The situation of climate change is becoming more and more tense on a global scale, with the latest evidence being the pictures of the dreamy city of Venice engulfed in seawater with historic floods. The same goes for pollution, hundreds of millions of creatures dying due to the ingestion of plastic waste.
And where is the cause? All are ultimately due to human action. Not only by the industry, but the harm comes from the countless habits we still think are harmless but makes the Earth cry.
According to the Food and Agriculture Organization of the United Nations (UN), one third of the human food produced each year - equivalent to 1.3 billion tons - is being wasted.
"Waste" here means that the food has not been consumed by anyone and must be discarded. The problem is that food is not naturally born. Humans have to make them, and that production process has caused millions of trees to be cut, uprooted to make way for food fields.
Of these, fruits and vegetables are the most wasted food. Followed by seafood - because it is difficult to preserve.
A summer vacation on a luxury yacht is probably the dream of many people. But yachts also have a dark side, which is they cause great pollution.
The data shows that the air quality on the deck is actually not as fresh as we thought it should be, equivalent to the world's most polluted cities. It is estimated that up to 50,000 Europeans die each year because of the emissions emitted by yachts.
On average, a person's carbon emissions will increase 3 times compared to normal. In addition, according to a survey in Germany on 77 yachts, there are 76 operated by heavy fossil fuels (also known as "dirty oil"), extremely toxic.
That's not counting the consequences of garbage, sewage and oil spilling out into the ocean.
Who does not want to have a closet full of clothes, one set for changing the trend every day. But many people are unaware that the fashion industry has always been one of the top polluters worldwide, even causing the second largest source of water pollution.
In addition, the process of finding clothing production materials is also responsible for water scarcity. For those who do not know, cotton (cotton) is an extremely water-consuming plant. To get enough cotton to produce one shirt, people need 2700 liters - enough for a person to consume for 2.5 years.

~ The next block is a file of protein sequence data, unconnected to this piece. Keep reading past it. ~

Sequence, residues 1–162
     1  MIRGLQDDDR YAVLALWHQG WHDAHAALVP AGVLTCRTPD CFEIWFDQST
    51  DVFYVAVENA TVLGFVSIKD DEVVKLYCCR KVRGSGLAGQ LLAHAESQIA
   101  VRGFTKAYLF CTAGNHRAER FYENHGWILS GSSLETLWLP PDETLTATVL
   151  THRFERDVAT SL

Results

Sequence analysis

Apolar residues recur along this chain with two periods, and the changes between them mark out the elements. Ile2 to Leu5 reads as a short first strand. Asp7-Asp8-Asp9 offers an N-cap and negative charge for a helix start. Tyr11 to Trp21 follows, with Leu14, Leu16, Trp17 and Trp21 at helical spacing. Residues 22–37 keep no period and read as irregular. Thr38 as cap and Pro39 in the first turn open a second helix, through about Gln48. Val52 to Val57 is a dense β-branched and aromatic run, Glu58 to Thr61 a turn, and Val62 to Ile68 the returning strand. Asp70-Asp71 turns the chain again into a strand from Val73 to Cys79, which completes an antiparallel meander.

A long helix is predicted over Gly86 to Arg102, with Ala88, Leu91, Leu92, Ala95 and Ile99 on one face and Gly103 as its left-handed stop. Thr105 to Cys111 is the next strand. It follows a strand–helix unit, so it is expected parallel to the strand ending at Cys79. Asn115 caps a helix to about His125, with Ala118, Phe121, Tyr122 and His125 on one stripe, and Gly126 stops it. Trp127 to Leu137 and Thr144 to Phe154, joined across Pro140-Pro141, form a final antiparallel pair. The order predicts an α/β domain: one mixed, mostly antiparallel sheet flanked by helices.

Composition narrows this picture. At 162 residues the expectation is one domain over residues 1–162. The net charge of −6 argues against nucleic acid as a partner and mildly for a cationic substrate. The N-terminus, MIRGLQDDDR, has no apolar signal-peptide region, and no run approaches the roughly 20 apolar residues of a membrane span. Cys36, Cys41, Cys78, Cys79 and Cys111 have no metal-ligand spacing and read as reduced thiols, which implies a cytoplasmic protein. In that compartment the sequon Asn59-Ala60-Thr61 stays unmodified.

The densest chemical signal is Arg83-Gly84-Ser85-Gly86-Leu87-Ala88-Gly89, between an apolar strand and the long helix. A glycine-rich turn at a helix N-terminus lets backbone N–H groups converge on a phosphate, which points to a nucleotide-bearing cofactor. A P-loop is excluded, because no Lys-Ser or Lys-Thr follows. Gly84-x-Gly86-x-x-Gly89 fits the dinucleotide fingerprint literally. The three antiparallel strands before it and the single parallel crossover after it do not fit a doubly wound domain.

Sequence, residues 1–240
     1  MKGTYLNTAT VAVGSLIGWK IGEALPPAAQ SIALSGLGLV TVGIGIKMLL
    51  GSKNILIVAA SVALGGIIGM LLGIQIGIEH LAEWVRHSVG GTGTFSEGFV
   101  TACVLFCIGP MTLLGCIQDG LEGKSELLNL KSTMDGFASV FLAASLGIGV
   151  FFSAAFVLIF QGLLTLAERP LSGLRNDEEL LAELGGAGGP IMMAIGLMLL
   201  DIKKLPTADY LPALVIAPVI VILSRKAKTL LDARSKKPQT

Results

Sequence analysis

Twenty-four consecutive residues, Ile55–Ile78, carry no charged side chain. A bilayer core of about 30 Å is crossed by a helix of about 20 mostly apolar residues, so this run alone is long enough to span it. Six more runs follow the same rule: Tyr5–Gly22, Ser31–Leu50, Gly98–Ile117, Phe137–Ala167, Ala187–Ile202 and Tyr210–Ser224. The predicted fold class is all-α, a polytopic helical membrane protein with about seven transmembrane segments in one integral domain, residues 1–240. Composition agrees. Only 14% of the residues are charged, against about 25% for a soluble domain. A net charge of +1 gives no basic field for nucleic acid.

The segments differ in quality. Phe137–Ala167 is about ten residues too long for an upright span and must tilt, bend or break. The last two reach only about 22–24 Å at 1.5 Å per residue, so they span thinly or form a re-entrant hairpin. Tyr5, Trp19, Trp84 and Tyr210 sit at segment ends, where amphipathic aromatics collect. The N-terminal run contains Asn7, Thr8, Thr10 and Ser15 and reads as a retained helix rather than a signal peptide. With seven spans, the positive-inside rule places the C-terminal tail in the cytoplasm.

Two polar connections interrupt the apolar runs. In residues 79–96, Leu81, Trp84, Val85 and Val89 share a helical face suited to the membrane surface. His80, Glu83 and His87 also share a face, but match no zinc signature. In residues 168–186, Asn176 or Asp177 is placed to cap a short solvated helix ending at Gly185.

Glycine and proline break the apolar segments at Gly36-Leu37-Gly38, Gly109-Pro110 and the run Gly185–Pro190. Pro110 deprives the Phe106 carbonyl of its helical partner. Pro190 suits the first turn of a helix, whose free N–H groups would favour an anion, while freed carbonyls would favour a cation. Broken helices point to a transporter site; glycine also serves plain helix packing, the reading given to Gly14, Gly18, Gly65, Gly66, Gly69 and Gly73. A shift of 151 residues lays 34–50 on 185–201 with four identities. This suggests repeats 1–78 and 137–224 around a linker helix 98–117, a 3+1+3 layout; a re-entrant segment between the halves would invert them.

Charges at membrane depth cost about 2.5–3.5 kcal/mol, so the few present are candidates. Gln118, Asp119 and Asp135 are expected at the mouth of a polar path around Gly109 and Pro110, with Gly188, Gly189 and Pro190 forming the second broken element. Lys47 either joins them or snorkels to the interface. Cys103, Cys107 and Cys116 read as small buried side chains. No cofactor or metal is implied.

Artificial fabrics like polyester do not absorb water as much as cotton, but trade off by creating more greenhouse gases. 2015 figures show that polyester factories produce more than hundreds of tons of greenhouse gases, the equivalent of emissions from 185 coal power plants.
So the best way for this story is to refrain from buying clothes. Remember, 1/9 of the world's population is without access to clean water, and every year 4.6 million people die from air pollution.
According to a 1999 study, toilet water accounted for 27% of a person's daily water use - higher than bathing (17%) and washing (22%). Over time, the toilet flush system has been improved to save water, but the number is still a lot.
This does not mean that you should stop going to the toilet, but need to flush the water to be more economical. Today's toilets are often divided into 2 buttons, allowing you to flush 1/2 tank of water for each "light" ride.
Disposable chopsticks are convenient, are made of wood so are quite environmentally friendly.
But it is actually the opposite. In China alone, 80 billion disposable chopsticks are discharged each year, and to produce that number, 4 million trees are removed.
Another item is extremely convenient, but not so environmentally friendly. Even in 2015, The Guardian newspaper called wet tissues as "the biggest enemy" to the environment.
Part of the reason lies in the way we use it. The word "tissue" makes many people think that they are similar to plain paper, meaning that they can be put into a toilet to flush. But in fact, most wet paper towels contain plastic, making them very difficult to decompose. And when they get out into the ocean, marine creatures may mistake wet paper for jellyfish, leading to disturbed food chains and serious damage.
Not to mention the potentially dangerous chemicals that exist in some types of wet paper.